@jpmc26 my thoughts on this are bigger than what comments here can handle, but I'll try to sum it up. Yes, I completely understand that content is the business goal of Q&A. One of the frameworks I work with for setting up community goals and metrics even has content as an option - so that is a valid one. On the other hand, I don't believe multiple people working together towards a goal is Community (and there's disagreement, it was actually a big talk we had during our meetup) - but, academically speaking, that is not enough to form a Community. (cont)
    – Cesar M StaffMod
    Commented Jul 3, 2019 at 16:59
  • 2
    So, I do think we need other activities and ways to build Community Proper around the Q&A with a heavy content goal. It can be in chat, it can be in meta, it can be any other platform or activity we want to host and people want to attend. I know there are professional CMs who disagree with me on the statement: "Several people working together towards a goal is not a community" but I stand by it - and the discussion on the why's and how's is a long, theoretical, one. I believe that is a great situation for Community to emerge from, but not evidence of its existence proper. (+1)
    – Cesar M StaffMod
    Commented Jul 3, 2019 at 17:02
  • 4
    @JourneymanGeek Having a machine tell people that their question or answer isn't good is not nicer than having a person do it. It's still going to make the author feel frustrated and rejected. You can try to soften that blow, but there's nothing inherently nice and certainly nothing welcoming about dealing it. That's why SO can't have it both ways. The company has to choose which one it values more: people participating or preserving the long term value of the site's content. The former means destroying the existing community by rejecting their values; the latter means fewer people.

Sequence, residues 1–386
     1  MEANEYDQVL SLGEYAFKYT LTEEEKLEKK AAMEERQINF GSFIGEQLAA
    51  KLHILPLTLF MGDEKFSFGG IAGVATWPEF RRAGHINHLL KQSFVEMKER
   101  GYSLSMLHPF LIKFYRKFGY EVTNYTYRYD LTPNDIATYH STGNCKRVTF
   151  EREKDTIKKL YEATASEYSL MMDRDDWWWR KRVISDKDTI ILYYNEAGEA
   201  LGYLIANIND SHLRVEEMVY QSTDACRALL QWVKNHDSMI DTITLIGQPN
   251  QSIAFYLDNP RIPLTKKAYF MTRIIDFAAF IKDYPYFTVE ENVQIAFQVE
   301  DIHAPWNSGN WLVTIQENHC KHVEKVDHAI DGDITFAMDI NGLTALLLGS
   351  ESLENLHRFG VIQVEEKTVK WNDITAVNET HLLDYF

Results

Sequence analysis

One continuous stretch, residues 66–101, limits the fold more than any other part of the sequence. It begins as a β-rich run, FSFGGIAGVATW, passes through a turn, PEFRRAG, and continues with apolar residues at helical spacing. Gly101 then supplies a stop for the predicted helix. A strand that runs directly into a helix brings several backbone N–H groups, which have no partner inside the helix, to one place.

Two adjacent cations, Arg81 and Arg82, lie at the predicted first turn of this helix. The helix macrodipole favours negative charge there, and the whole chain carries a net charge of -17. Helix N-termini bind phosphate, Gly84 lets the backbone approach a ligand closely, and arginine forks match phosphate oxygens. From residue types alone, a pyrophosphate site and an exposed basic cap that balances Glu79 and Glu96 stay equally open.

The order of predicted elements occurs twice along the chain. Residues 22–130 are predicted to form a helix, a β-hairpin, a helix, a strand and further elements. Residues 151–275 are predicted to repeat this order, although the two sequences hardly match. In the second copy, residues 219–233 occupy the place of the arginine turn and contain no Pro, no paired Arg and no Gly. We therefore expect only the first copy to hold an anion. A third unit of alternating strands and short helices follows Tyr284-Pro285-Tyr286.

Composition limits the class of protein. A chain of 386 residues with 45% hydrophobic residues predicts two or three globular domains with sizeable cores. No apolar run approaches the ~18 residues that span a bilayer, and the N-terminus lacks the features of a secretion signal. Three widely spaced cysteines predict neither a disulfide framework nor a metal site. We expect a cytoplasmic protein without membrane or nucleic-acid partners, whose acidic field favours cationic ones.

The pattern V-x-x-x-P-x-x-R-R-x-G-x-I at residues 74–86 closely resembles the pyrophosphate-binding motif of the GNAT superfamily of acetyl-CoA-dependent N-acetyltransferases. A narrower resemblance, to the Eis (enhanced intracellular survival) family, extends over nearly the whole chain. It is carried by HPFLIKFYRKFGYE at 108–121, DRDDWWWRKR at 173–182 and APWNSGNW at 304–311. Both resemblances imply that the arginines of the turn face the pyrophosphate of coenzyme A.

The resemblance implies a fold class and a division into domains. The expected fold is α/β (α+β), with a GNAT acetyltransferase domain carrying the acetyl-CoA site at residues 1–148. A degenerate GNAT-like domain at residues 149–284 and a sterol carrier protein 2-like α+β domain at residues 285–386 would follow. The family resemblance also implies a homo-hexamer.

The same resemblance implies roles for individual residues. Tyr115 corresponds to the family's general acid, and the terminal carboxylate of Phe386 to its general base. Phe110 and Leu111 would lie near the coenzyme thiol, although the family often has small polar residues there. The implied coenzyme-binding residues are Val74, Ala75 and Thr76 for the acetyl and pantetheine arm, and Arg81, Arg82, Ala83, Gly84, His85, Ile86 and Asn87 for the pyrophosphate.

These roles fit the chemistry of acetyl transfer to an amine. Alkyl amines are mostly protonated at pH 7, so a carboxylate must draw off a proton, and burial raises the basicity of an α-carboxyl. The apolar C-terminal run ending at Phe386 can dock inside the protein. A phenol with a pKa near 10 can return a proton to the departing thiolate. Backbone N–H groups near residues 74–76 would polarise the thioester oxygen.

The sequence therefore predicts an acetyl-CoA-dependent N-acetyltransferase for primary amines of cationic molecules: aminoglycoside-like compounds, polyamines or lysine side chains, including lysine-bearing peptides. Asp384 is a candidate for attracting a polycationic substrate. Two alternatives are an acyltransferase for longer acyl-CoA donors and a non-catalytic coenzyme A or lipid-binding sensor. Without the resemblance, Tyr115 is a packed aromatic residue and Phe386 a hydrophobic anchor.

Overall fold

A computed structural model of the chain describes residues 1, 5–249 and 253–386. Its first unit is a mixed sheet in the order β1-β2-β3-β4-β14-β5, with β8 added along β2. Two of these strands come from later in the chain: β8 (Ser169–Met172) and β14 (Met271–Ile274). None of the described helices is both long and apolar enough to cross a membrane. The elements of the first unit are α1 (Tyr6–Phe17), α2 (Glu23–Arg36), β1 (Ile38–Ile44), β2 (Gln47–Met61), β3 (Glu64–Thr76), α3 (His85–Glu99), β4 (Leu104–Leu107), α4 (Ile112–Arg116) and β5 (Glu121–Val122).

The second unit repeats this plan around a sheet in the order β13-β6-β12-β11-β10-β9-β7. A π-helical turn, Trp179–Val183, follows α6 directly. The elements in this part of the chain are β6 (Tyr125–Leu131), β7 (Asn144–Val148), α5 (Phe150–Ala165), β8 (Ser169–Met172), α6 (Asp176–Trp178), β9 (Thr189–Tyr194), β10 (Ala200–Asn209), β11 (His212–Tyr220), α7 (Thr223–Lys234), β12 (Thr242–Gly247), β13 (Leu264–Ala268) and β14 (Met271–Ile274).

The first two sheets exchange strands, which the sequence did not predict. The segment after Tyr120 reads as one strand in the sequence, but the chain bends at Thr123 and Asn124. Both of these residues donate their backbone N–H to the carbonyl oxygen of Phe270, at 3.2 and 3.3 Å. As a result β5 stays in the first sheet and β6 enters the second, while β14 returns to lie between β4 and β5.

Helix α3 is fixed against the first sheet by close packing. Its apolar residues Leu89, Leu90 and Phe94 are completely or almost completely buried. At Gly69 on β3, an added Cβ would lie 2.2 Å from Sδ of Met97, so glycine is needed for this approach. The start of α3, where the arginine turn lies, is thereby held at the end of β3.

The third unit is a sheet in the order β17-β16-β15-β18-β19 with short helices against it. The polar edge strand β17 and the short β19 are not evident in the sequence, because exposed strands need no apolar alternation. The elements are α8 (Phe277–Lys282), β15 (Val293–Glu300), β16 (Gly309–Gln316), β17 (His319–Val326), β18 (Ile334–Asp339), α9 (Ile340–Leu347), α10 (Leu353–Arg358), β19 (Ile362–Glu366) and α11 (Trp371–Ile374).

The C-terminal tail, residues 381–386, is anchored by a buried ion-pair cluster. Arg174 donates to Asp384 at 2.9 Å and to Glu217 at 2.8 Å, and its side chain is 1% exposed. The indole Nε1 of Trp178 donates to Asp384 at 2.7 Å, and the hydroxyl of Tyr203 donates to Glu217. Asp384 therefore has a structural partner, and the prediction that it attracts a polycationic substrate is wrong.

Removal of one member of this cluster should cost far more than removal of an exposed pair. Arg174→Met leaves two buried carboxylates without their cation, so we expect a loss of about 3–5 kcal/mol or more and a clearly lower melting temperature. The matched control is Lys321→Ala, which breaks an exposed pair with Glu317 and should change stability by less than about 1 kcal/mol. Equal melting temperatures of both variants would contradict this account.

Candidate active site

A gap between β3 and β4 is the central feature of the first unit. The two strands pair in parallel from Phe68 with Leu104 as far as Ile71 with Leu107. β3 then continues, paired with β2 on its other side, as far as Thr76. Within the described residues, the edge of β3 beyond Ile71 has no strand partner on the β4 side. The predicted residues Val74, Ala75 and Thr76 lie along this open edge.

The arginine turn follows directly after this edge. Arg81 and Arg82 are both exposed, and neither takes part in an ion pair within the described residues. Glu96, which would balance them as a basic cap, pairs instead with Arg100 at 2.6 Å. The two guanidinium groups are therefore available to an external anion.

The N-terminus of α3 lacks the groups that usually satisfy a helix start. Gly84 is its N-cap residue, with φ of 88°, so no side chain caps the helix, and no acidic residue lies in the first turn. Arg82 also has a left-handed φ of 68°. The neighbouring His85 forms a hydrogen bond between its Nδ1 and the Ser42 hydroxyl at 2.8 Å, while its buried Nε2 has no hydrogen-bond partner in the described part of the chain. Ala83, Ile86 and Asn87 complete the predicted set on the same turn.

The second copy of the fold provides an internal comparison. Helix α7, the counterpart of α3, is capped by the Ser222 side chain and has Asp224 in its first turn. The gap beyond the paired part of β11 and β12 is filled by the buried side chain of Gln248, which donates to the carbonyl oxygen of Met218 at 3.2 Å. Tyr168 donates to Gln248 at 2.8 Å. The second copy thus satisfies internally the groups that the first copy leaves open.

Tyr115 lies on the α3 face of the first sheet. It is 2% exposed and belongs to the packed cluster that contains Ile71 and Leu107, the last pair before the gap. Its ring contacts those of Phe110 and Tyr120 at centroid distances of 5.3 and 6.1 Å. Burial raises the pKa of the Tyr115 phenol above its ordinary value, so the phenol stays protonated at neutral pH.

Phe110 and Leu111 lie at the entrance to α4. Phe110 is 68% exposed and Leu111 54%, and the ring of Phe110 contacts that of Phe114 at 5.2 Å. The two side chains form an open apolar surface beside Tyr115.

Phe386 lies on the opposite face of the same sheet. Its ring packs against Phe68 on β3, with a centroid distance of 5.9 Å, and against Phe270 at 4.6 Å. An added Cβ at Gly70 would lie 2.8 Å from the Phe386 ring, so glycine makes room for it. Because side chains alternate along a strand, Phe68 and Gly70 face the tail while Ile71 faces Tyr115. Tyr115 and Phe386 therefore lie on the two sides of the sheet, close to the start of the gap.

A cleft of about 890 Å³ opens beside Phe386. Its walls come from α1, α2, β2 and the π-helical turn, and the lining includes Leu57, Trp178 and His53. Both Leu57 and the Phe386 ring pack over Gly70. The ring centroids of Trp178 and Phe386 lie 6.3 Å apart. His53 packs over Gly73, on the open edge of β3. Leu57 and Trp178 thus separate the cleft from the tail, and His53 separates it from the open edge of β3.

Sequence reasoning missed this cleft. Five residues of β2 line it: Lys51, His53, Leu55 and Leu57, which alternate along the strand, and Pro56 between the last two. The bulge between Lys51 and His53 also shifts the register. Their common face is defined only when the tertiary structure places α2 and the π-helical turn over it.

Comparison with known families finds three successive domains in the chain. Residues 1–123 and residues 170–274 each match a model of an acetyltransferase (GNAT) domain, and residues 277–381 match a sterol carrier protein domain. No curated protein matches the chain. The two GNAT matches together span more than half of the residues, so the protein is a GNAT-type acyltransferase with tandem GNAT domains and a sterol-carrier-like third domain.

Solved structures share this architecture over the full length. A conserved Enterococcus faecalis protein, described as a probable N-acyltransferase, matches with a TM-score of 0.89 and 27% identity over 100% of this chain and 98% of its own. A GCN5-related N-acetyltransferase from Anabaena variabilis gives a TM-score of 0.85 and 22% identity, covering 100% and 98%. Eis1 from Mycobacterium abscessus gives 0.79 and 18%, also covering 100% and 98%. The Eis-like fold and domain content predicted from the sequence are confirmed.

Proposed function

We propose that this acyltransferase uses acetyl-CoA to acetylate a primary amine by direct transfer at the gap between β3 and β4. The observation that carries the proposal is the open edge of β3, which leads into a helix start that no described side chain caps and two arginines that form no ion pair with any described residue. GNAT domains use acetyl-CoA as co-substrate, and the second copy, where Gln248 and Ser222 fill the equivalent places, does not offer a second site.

– jpmc26
    Commented Jul 3, 2019 at 18:41
  • 5
    @CesarM "...it doesn't mean I want to see or believe we need more interactions between people in the Q&A site proper, no." I'm glad to hear you say this, but it goes against much of what the rest of your company's staff has said. Take a look at the Tumbleweed discussions, for instance. The entire discussion was built around the idea that increased participation represented success.
    – jpmc26
    Commented Jul 3, 2019 at 18:47
  • 2
    There's literally no reason we need to pick one or the other. Those two things literally are not at odds with Commented Jul 4, 2019 at 0:13
  • 23
    @JourneymanGeek The empirical evidence of the low quality of questions flooding SO suggests your hypothesis is wrong. Furthermore, you haven't refuted my point that it's inherently unwelcoming to tell someone that their question is low quality, whether it's done by machine or human. Either we stop discouraging them so they'll stay, or we keep discouraging them by enforcing quality standards. There really isn't a middle option.
    – jpmc26
    Commented Jul 4, 2019 at 0:20
  • 24
    @JourneymanGeek Furthermore, the standard of SO employees on what constitutes "welcoming" is so far beyond the pale that it certainly does preclude having quality content. Jon Ericson asserted that someone telling him he was going to create security problems and fill up his servers' disk was unwelcoming. Apparently we can't even tell someone the technical reasons why what they're asking to do is a bad idea because it's "condescending" and that discourages participation.